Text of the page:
What came first - the product or the standard?

on Tuesday, April 21, 2015 9:45:00 AM

Technology and IT infrastructures rapidly continue to change and advance over time. At times it’s even difficult to stay in sync with what’s new or what’s the latest and greatest. And it’s not just the products that change – it’s the standards and certifications too! But even with so many products and standards to keep up with, there are some standards that have stood the test of time and have been around for years. I’m talking about the EIA 310 standard.

Before we dive into that, first let’s step back and ask ourselves, “Why was EIA developed?” Let’s step back even further and ask, “Why are any standards developed? Is it because of existing products and we need to mandate levels of consistency? Or are standards first implemented and then products must be manufactured accordingly?”

It’s just like the age-old question – what came first, the chicken or the egg?

While we might not be able to answer that one, we can talk about why EIA standards are imperative to our industry. You’ll notice that the majority of Kendall Howard’s products are EIA 310 compliant. What does this mean? Electronics Industries Alliance (EIA) standards are designed for electronics manufacturers in the United States and were developed to ensure that the equipment in different manufacturing locations are both compatible and interchangeable. This is crucial to Kendall Howard and our products because whether we load up your rack and deploy you a complete solution or send you multiple cabinets for you to integrate and install yourself, we need to make sure everything fits – literally!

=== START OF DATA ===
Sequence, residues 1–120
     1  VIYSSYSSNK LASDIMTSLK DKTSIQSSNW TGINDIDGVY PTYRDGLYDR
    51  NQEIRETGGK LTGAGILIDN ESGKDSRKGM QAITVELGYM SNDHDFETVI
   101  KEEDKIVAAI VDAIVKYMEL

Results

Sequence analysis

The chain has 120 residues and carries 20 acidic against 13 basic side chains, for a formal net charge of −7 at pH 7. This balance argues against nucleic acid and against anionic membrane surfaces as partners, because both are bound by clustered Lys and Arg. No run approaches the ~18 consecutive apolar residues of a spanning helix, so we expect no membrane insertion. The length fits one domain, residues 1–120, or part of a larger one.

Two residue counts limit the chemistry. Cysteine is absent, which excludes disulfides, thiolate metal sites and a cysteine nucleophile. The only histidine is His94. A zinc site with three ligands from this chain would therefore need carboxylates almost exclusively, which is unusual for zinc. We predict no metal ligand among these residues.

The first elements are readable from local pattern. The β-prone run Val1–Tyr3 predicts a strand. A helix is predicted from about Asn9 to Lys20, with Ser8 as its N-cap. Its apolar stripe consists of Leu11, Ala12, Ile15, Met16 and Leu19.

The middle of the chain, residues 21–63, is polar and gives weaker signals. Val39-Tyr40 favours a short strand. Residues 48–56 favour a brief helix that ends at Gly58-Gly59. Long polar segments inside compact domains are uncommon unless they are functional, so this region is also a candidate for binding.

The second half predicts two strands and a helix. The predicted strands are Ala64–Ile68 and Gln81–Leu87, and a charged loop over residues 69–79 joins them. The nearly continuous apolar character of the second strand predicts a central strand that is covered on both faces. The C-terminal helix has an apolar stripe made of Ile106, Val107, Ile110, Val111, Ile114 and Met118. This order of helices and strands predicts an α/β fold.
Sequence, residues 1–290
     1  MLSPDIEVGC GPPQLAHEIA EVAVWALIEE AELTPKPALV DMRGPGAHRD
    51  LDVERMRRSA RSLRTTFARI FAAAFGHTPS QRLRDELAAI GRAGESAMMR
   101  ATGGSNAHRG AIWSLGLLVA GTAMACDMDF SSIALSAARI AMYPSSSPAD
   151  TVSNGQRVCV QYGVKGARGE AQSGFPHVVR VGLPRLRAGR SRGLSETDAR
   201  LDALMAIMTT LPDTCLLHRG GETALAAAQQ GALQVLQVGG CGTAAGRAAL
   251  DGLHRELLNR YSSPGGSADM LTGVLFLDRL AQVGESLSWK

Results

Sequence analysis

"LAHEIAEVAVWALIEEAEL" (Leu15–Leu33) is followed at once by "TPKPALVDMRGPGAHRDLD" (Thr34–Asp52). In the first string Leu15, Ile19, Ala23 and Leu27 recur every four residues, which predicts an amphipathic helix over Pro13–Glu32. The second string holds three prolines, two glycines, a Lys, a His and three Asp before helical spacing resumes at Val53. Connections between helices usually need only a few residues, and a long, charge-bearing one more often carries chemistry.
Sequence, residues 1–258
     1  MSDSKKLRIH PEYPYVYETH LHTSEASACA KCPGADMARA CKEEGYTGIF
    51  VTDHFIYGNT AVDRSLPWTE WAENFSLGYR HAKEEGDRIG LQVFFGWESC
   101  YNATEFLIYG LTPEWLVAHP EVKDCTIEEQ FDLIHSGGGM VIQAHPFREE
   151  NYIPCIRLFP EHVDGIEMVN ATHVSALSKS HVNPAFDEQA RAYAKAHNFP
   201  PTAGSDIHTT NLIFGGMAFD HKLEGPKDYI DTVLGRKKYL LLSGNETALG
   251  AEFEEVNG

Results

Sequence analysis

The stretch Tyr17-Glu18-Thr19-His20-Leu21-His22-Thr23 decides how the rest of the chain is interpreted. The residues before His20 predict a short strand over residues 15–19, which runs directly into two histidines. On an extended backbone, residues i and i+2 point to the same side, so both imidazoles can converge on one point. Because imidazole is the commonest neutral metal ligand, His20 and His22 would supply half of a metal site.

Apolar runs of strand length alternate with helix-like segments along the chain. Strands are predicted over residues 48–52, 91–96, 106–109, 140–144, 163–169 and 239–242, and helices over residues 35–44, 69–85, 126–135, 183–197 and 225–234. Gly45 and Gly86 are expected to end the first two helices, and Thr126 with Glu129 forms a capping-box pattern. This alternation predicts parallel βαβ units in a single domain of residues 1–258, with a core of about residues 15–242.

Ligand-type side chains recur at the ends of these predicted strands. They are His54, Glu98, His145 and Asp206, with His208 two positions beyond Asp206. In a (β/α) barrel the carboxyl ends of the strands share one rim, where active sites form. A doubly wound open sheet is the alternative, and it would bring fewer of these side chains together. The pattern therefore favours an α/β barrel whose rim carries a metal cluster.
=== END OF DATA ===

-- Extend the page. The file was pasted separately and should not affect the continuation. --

How do we accomplish this? That’s where the “310” in EIA 310 comes in! EIA 310 focuses on what is commonly known as the “standard rack”. A standard, or 19” wide rack, is a uniform frame or enclosure for mounting rackmount and IT equipment. EIA-310 focuses on specifying the rack unit space (U space), vertical hole spacing, horizontal hole spacing, rack opening, and front panel width for these racks. Adhering to these specifications ensures that our products will be the right size and will properly hold your components. Seems simple enough, but we shouldn’t overlook how crucial standards are to the industry.

Without standards and a base for consistency, there’s no way we could continually produce top notch products the way we do. Especially as technology and the industry continues to evolve and advance – this is just one way we keep up! But what do you think? Will EIA continue to remain a staple standard in our industry? Will the “standard” rack change from 19” wide to something else? Something bigger or smaller? We invite you to share your thoughts on this by posting below or sending us an email at sales@kendallhoward.com. And yes, if you have documentation on which came first, the chicken or the egg, please share that with us. We are eager to know! :)


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